REGARDING THE ECLIPSE
Chances are I’ll never tell
the story of how I found myself
adrift at sea
in a twelve-foot dinghy with a single oar;
or how, once, in the mountains
called Sierra Nevada,
trapped on a snowbound freight train,
my intrepid companions and I
existed for several days
on a fifty-pound sack of frozen marshmallows.
you could call it adventure, but at the time
it was nothing special. Anyway,
some events—like cloud formations
or teenage children—
are completely inexplicable.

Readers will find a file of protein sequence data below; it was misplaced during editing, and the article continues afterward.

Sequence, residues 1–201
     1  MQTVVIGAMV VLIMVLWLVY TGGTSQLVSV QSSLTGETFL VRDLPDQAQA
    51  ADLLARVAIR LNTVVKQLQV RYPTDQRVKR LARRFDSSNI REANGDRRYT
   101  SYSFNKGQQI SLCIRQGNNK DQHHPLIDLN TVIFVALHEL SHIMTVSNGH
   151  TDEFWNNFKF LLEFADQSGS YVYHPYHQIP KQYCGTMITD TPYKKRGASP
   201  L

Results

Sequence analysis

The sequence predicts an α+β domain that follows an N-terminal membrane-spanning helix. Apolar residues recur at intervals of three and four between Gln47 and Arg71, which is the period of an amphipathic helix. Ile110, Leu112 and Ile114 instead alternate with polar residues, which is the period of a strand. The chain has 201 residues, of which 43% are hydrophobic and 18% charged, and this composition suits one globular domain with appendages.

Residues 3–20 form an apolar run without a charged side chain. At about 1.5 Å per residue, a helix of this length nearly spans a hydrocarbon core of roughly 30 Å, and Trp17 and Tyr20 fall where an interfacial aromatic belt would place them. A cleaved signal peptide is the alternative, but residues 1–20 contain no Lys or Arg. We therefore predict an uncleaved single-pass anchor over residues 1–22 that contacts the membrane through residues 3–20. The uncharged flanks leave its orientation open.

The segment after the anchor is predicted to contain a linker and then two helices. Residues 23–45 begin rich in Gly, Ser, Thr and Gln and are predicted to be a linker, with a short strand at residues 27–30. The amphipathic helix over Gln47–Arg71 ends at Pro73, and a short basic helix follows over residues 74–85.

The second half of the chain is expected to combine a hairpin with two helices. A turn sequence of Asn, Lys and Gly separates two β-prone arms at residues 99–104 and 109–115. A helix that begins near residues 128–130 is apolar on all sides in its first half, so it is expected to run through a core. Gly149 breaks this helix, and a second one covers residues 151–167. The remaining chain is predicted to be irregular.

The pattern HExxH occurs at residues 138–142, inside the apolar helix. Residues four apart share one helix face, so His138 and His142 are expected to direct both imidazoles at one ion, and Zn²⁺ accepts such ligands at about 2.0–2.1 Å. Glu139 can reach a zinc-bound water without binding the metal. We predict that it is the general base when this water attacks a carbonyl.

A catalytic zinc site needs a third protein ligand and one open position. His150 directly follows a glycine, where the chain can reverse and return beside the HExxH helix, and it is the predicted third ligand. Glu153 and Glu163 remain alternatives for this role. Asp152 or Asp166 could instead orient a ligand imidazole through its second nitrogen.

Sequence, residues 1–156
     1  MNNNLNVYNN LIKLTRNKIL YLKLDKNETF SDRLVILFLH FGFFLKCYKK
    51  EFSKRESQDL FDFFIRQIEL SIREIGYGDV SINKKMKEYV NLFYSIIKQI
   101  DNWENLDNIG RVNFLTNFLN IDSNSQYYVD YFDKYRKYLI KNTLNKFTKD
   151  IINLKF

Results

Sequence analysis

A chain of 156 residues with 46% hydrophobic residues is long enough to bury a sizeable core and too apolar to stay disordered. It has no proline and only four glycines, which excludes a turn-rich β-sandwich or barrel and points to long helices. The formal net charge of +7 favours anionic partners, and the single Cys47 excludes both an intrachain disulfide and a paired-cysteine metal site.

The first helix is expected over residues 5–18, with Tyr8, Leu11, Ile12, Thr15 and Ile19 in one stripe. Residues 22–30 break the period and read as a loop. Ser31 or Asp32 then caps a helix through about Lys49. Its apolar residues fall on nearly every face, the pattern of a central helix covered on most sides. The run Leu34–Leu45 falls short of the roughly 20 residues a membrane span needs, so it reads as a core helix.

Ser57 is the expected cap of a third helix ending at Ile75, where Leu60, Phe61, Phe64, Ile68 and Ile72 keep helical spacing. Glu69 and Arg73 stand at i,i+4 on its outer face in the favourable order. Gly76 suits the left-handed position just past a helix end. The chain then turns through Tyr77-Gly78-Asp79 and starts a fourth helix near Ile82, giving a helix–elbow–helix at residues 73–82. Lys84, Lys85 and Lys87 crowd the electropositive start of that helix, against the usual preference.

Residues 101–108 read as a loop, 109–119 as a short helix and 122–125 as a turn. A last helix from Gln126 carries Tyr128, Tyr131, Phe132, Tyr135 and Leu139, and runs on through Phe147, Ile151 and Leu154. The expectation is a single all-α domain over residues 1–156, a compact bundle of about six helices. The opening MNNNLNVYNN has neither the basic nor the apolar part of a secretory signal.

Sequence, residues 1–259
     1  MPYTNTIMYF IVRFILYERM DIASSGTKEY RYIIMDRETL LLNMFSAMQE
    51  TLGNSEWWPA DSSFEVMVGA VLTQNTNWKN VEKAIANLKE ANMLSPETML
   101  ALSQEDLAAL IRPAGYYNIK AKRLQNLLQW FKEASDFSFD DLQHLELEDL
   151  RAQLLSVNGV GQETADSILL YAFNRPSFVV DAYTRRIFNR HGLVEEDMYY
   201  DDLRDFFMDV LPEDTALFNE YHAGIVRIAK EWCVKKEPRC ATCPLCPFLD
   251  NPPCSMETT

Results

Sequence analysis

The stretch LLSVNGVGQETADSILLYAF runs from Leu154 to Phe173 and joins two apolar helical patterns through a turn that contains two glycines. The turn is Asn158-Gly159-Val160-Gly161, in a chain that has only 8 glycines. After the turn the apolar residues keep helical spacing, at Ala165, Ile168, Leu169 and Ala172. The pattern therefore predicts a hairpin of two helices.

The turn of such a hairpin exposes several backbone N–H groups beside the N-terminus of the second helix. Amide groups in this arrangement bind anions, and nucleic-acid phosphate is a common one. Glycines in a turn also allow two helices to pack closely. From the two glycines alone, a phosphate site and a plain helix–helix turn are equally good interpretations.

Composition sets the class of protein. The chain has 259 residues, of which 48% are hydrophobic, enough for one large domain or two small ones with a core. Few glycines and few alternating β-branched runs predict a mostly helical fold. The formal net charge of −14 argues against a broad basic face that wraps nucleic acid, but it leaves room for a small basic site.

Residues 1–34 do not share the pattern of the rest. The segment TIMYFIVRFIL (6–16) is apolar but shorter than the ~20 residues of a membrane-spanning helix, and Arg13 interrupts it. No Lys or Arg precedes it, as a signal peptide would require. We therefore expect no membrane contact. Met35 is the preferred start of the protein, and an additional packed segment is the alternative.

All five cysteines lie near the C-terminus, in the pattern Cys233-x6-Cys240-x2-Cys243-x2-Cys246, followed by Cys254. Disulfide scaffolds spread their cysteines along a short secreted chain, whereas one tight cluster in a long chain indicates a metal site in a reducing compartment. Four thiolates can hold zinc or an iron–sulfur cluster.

My ambitions were nebulous at best.
All I ever wanted to be was a glass blower
or a wood carver
or failing that, a utility infielder.
A career in the Foreign Service
looked promising once, but I couldn’t feature myself
in formal attire
on a balcony overlooking the capital . . .
What would I be doing there?
to the Peruvian attaché’s voluptuous wife?
And so it is that I stand
on the sagging porch of a tumbledown house
regarding the lunar eclipse
through binoculars held steady by my stalwart left hand.
With the other I gesticulate wildly,
but fail to observe
in the shadow cast by this earth on the moon.
from Journeyman's Wages, Story Line Press, 1995).